Review: ‘The Prince and The Dressmaker’

The Prince and The Dressmaker Writer/artist: Jen Wang First Second; $16.99 Ages 12-18 There is a point late in Jen Wang’s The Prince and The Dressmaker in which Prince Sebastian is at his absolute lowest, his worst fears having been realized, and it genuinely seems like his life as he knew it is over, like […]

The Prince and the Dressmaker

The Prince and The Dressmaker
Writer/artist: Jen Wang
First Second; $16.99
Ages 12-18

There is a point late in Jen Wang’s The Prince and The Dressmaker in which Prince Sebastian is at his absolute lowest, his worst fears having been realized, and it genuinely seems like his life as he knew it is over, like perhaps his life itself could even be in serious jeopardy. And then something rather remarkable, and certainly, dramatic happens: His fortunes rather unexpectedly reverse, as some of the same forces that were responsible for his downfall not only learn to accept him, almost overnight, but to even celebrate him.

It doesn’t really seem too terribly realistic, given the 19th century setting. That, however, is a terrible criticism to level at the book, as it hardly seems fair to blame a fairy tale for having an unrealistic, wish-fulfilling, happily-ever-after of an ending.

And Wang’s book is very much a fairy tale, even opening with a ball being thrown for a handsome young prince, where it is hoped he will find a princess to marry. That prince, in some scenes, even dresses a bit like the Prince Charming of Disney’s Cinderella, with which Wang’s tale has some thematic commonality.

That The Prince and the Dressmaker invites such criticism is actually a credit to it. Wang’s characters are so fully realized, their conflicts and emotions so palpable, and their world so exact, so vital, and so well executed that it’s easy to forget that it is a fairy tale—at least until the happy ending arrives, the first signs of it doing so striking like a lightning bolt. I hesitate to spoil it any more than I already have—the best way to review the book without risking any of its pleasures would be to write a simple, two-word imperative, “Read it”—but when the extent of the acceptance being offered the prince first begins to take shape, it is about as electric and triumphant a moment in a comic book that I can remember.

Prince Sebastian is the Crown Prince of Belgium, and he and his parents the king and queen are staying in Paris for the summer. A ball is being held to celebrate his sixteenth birthday, and his parents are eager for him to find a princess to marry, as he will have to carry on the royal line.

The dressmaker is Frances, one of many seamstresses working at a local dress shop. She is given a last-minute assignment to make a dress for a young woman who wants nothing at all to do with the ball, but is only going because her mother is forcing her to. “You know what, just make it ghastly,” the young woman tells Frances, “Make me look like the devil’s wench.”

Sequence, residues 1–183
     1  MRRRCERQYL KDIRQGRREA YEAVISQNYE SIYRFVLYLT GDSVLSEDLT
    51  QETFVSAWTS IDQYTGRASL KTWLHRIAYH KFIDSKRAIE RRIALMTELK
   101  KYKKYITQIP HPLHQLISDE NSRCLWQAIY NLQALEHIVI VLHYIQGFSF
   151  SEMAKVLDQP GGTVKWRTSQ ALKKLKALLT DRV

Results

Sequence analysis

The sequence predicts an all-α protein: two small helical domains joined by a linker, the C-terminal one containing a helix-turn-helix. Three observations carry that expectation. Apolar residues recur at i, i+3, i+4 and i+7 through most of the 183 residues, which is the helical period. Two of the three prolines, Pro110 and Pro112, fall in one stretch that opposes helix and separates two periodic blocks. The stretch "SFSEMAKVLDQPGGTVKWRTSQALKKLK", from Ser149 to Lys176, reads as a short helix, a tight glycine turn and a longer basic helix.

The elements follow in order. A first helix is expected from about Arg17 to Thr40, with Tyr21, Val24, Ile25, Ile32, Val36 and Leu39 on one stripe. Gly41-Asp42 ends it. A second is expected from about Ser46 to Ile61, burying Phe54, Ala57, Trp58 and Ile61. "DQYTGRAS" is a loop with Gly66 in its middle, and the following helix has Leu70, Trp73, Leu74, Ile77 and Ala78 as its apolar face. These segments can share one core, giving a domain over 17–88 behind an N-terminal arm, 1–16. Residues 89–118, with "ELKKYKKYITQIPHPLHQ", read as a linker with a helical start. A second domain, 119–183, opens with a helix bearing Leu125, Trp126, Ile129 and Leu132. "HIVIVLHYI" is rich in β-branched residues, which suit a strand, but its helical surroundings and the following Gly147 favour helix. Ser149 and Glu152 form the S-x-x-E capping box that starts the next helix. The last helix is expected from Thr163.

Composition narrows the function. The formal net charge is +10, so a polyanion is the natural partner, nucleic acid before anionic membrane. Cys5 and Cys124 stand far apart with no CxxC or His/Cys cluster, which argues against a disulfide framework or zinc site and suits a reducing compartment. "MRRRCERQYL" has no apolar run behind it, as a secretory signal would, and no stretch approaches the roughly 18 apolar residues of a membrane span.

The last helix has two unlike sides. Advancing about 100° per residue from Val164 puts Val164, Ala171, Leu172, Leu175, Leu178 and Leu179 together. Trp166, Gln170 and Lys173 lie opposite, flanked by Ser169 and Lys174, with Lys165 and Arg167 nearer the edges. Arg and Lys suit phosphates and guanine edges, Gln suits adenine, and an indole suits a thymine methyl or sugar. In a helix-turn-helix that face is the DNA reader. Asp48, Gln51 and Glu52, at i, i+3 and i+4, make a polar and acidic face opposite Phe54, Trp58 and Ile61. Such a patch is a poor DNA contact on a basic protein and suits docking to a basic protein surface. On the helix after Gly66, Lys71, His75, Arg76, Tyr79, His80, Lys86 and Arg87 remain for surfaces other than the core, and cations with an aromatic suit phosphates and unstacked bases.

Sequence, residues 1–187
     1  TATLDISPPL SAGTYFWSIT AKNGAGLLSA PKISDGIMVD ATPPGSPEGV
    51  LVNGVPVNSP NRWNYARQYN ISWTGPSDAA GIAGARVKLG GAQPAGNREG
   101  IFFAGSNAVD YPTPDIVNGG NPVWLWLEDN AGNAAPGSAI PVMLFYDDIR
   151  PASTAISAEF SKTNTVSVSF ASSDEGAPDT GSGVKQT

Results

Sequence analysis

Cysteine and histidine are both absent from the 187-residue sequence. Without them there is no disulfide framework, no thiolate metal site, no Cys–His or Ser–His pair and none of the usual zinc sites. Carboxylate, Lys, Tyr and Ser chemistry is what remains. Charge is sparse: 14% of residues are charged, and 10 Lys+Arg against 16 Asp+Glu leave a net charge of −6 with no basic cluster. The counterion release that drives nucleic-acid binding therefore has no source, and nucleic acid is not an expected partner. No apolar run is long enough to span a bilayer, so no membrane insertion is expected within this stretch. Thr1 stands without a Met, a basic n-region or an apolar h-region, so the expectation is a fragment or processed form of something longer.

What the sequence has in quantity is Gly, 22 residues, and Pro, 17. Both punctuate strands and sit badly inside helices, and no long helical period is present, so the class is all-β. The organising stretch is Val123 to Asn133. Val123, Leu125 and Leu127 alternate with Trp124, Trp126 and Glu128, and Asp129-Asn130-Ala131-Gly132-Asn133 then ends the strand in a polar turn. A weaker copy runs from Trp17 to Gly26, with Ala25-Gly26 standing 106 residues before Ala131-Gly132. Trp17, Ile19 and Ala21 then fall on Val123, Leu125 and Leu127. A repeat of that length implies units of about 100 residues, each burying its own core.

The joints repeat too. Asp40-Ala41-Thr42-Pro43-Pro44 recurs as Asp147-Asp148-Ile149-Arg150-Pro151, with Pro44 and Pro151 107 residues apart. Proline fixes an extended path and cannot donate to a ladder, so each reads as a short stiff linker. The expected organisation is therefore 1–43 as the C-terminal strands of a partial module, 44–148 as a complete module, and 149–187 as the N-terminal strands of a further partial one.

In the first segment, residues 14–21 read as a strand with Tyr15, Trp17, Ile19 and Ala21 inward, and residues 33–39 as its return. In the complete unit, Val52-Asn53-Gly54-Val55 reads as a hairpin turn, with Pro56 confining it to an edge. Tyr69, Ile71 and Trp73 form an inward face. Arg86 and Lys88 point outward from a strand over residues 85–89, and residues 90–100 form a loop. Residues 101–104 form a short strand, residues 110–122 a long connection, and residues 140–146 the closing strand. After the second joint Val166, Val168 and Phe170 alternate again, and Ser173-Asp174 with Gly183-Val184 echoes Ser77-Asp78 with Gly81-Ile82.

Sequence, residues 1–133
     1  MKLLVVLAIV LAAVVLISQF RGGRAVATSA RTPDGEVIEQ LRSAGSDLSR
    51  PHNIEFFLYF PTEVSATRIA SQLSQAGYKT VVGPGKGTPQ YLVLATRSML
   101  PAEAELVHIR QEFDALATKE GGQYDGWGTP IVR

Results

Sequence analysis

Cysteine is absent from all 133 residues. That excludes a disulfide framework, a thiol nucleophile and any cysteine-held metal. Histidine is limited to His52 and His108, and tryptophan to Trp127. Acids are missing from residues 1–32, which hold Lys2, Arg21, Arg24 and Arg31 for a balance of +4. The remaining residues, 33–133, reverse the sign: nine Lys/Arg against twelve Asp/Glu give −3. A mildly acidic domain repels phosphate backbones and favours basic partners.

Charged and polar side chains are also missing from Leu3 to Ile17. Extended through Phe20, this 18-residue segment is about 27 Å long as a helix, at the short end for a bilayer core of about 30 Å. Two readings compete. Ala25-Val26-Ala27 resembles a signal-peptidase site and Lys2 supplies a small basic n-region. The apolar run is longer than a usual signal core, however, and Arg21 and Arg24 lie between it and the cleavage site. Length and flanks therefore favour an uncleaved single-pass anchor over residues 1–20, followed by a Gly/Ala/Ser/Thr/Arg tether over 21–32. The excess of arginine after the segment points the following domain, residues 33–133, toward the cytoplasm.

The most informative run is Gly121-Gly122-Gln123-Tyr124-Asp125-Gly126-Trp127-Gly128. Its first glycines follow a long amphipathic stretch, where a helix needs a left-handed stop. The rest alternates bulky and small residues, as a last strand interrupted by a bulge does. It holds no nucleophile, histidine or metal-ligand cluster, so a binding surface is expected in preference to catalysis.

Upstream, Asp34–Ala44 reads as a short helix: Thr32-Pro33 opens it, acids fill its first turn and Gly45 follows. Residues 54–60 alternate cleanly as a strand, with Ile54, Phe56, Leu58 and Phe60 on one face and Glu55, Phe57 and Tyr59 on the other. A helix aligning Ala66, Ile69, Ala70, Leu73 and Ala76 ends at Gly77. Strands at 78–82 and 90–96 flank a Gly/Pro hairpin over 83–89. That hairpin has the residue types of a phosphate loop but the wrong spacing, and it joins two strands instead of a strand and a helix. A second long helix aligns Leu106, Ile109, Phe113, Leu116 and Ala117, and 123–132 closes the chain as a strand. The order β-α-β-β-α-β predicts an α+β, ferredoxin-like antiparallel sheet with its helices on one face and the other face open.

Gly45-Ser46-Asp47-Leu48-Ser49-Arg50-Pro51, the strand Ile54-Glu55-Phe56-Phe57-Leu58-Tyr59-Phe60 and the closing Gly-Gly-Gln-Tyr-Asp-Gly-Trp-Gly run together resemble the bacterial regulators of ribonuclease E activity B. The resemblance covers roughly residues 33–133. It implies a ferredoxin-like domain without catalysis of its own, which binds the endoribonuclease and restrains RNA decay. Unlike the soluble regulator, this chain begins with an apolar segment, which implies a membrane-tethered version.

Given the license to let her creativity run wild, Frances makes her an outfit that wouldn’t look out of place in a pop music video of today, or on the red carpet of MTV’s VMAs. The dress causes a scandal, but it catches the eye of Sebastian, who engages Frances as his personal dressmaker.

And why does a prince need a dressmaker? Because Sebastian secretly likes to wear dresses. Not just around the house, but out on the town. With Frances in on his secret, becoming his only real confidant, Sebastian hits the streets of Paris at night as the enigmatic Lady Crystallia, a sensational young woman wearing whatever trend-setting glad rags that Frances has come up with. (If you’re wondering, Sebastian never makes any declarations regarding the way he perceives his gender identity; Frances explains at one point that “This is the way he is,” and that’s as close to any sort of labeling the text gets. Ultimately, the specifics don’t matter all that much in the events of the book, only that the dress-wearing risks alienation and needs acceptance.)

The relationship is beneficial to both of them, and not simply because of their deepening friendship and the blossoming or a romantic attraction between the young pair. Sebastian has a constant supply of amazing dresses, and Frances has a patron/model with deep enough pockets to allow her to realize all of her creative imperatives. There is, of course, a hitch, and it comes when Frances realizes that because she has to keep Sebastian’s secret, that means her talents will also have to be kept secret, and she must let several even greater opportunities pass her by…as well as enabling Sebastian as he tries to live a secret double life.

It all comes to a head, as it inevitably must, but, because this is a fairy tale, it can still end happily. And it does end happily—thoroughly, surprisingly, thrillingly happily.

The year is obviously still quite young, so saying The Prince and The Dressmaker is one of the year’s best might not mean so much here in March as it would in November. But if 2018 produces just a handful of other books as good as this, then it will be an incredible year for comics indeed.

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